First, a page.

Seems to me that there are two major assumptions in the proposition that
degrees should have expiration dates, both of them destructive in the long
1. Higher education is the prime source of our know how.
For someone fresh out of college, this may have some merit. But it
becomes less true each year. For most of us, most of the know how we use
in our work we have developed through our work. The mark of a quality
education is how well it prepares us to continue learning, including the
mastery of entirely new disciplines.
The negative consequences of being hooked on credentials are many and
probably don't need much elaboration.
2. Formal education is the prime source of updating our know how.
Back in the 80s, I participated in a computer systems certification
program. To maintain certification, you had to document the things you'd
done each year to stay current. Sounds reasonable, but in practice only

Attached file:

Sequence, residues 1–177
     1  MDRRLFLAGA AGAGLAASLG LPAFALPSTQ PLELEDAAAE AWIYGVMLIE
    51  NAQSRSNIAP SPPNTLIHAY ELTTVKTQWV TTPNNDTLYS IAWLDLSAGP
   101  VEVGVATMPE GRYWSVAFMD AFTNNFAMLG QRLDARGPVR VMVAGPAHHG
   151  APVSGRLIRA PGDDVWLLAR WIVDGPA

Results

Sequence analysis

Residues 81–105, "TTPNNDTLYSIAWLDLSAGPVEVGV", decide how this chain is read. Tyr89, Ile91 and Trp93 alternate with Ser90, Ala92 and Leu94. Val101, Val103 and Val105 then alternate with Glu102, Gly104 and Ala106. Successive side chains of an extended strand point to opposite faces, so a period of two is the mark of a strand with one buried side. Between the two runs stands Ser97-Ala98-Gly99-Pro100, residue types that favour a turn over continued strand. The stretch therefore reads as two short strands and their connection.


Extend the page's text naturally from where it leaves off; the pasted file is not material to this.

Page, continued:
formal schooling and paid seminars counted. I'm a fan of both, but to
suggest that they are the major source of professional development is just
silly. Consider the ablest people you know, the leading edgers; they
might well do some teaching or run some seminars, but clearly their work
is the source of their professional growth.
The negative consequences of relying too exclusively on outside sources
for an organization's learning ought to be obvious.
In sum, I think it's fair to say that degree expiry is antithetical to the
idea of a learning organization. Recently degreed people can bring new
ideas and techniques to an organization, outside courses can be a useful
source of the latest and greatest, but the work itself should be the major
engine of growth and adaptation.
Bill Buxton <email@example.com>
"William Buxton" <firstname.lastname@example.org>
Learning-org -- An Internet Dialog on Learning Organizations For info: <email@example.com> -or- <http://world.std.com/~lo/>